• 52°

David Freeze: No free internet for travelers on the Cassiar Highway

When I was done with my stay at the worker camp in Meziadin Junction, British Columbia, I waited to try to fix connectivity issues. I was still getting through but not the way I want to.

I had been told that a restaurant opens at 5:30 a.m., but I found it was only for company workers. I couldn’t order anything until 7 a.m., and that was too late. The woman in charge told me I could buy off a rack of prepared stuff.

So quickly, I bought eight snacks that included carrot cake, cherry yum-yum and scones. Those snacks saved the day. They were all I had until about 4 p.m.

Finally getting started, I read a sign on the road that said, “Uphill for the next 20 kilometers.” There was nothing worse to read. I imagined a terrible morning.

About 15 minutes out, I saw my first black bear of the day. He leaped into a tree. Past him, I realized mosquitoes and flies were active. With the uphill and slow going, I couldn’t get away from them.

Also, there was bear scat everywhere and I expected lots of sightings. Averaging just 5 mph during that uphill period, I could see a long and dreadful day ahead.

The biggest matter of the morning was that I had to go about 55 miles to Bell II, a wilderness resort on the Cassiar Highway. At the time, all I knew was that it had a convenience store.

On this whole Cassiar Highway, there are only a handful of supply stops. It was tough plugging along, up and down, and never making good time.

I was excited to see a rest area just before Bell II and quickly struck up a conversation with a woman on the way to tour Alaska by herself in her truck.

She wanted to camp at some of the legal, free places and had made note of them. I didn’t care if was free, I just wanted a good place near the end of my day.

I stopped at Bell II — named because it specializes in heli-skiing, when a person jumps out of a helicopter to ski down a mountain. A large water was $4.45,  but it was all I could get. The water and some more snacks had to last tonight (Thursday, June 27) and most of the day Friday (June 28).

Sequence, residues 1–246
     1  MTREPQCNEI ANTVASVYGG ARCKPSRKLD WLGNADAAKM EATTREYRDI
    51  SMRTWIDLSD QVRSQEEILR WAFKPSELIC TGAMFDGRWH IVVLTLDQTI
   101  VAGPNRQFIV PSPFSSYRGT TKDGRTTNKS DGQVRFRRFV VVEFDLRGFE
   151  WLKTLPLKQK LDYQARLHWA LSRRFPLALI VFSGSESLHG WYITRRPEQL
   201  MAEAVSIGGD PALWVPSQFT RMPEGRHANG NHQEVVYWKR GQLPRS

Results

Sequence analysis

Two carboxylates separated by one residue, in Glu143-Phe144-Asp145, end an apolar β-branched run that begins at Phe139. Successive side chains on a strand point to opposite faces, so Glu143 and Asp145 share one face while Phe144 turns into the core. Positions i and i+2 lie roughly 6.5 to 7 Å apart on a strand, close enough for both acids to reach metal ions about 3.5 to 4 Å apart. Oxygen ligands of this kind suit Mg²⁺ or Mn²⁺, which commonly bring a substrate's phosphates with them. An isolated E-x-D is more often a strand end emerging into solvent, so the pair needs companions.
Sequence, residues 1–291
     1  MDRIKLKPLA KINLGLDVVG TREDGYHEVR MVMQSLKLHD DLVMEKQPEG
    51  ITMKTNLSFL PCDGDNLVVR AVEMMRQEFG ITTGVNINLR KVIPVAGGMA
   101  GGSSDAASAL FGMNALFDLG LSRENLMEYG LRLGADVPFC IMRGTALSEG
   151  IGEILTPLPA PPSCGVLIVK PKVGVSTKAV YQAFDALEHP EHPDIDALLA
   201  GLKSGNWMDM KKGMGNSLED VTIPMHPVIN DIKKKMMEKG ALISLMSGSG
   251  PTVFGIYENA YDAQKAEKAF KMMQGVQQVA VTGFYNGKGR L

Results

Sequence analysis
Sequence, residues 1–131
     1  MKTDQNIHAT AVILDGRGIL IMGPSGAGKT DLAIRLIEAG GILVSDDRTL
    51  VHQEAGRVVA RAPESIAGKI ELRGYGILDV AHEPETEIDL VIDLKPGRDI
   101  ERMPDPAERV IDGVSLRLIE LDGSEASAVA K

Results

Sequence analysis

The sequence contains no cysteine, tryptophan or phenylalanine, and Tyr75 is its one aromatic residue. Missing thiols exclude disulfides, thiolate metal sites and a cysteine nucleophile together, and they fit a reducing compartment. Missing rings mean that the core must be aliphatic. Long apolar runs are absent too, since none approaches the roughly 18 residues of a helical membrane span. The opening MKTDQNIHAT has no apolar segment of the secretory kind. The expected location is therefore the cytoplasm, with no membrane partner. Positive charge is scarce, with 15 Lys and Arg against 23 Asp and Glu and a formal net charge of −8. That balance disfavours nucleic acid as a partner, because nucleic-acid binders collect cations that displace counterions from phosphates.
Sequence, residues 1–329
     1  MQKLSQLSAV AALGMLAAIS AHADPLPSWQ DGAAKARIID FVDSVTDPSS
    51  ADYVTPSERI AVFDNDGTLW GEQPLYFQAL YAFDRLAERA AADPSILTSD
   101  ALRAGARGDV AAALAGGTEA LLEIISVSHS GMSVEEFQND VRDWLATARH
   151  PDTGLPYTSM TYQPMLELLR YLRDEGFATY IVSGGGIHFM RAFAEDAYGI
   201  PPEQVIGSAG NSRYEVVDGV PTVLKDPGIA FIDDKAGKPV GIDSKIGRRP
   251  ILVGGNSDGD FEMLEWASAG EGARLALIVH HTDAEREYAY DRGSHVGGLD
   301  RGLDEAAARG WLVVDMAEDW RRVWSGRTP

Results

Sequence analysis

I asked the clerk, who seemed pretty snotty, if I could use the internet. She laughed and said, “I can’t give out free Wi-Fi to anybody.” Nor a good price on water, I suppose.

I got back on the road and started making good time, ending at 87 miles and the Bob Quinn Rest Area. I would be stealth camping not far from there.

Remember the mosquitoes? Well, they were out with a vengeance all afternoon. I have never seen them so bad as they were at at Bell II. If not for those pesky varmints, I would be out looking at the snow-capped peaks all around me. They got me a couple of hundred times.

I saw four more black bears Thursday, and the beautiful scenery on the Cassiar Highway really ramped up. The climbing was as bad as I have seen. I met Julie and Brian Harrell, of Fort St. John, British Columbia, in the morning. Brian said the highway is only a logging road that has been paved over. Most of the time, it feels that way.

It is time to sleep some, but there is still light out and so are the mosquitoes. They are waiting for me to come out. I dread that battle.

Friday would bring another long challenge to make miles, and I am excited to meet people at an Indian village that has snacks.

David Freeze is a Salisbury Post contributor who is biking from Nevada to Alaska. He can be reached at David.freeze@ctc.net while on his journey.

Comments

Crime

Man charged after thieves rob would-be gun buyers of wallets, shoes

Crime

Blotter: Four added to sheriff’s most wanted list

High School

High school football: Some anxious moments, but Hornets win state title

Local

Photos: Salisbury High Hornets win big in 2AA championship game

Local

County manager outlines projections for the upcoming fiscal year budget, suggests uses for stimulus money

Business

Miami-based Browns Athletic Apparel opens second screen printing location in Salisbury

News

At funeral, fallen Watauga deputies remembered as ‘heroes’

Coronavirus

COVID-19 cluster identified at Granite Quarry Elementary

Coronavirus

More than half of North Carolinians have now taken at least one vaccine shot

Local

City hopes to cover expenses in 2021-22 budget with surplus revenue generated this year

Local

Fallen tree proves to be a blessing for local nonprofit Happy Roots

Local

Quotes of the week

Coronavirus

Health department drops quarantine time from 14 to 10 days

Crime

Blotter: More than $100,000 in property reported stolen from Old Beatty Ford Road site

Local

City fights invasive beetles by injecting trees with insecticide

Local

City names downtown recipients for federal Parks Service grant

China Grove

China Grove Town Council weighs 2021-22 budget priorities, supports buying body cameras

Education

Educators reflect on Teacher Appreciation Week

Education

Livingstone College wins $30,000 Home Depot grant

Education

Shoutouts

News

Shield-A-Badge With Prayer program enters 26th year, accepting volunteers to pair with officers

Education

COVID-19 infection, quarantine numbers in Rowan-Salisbury Schools reach new highs

High School

High school football: Offensive line came together for Hornets, who play for state title tonight

Local

Pro baseball: White makes pro debut and says, ‘It felt amazing to be out there’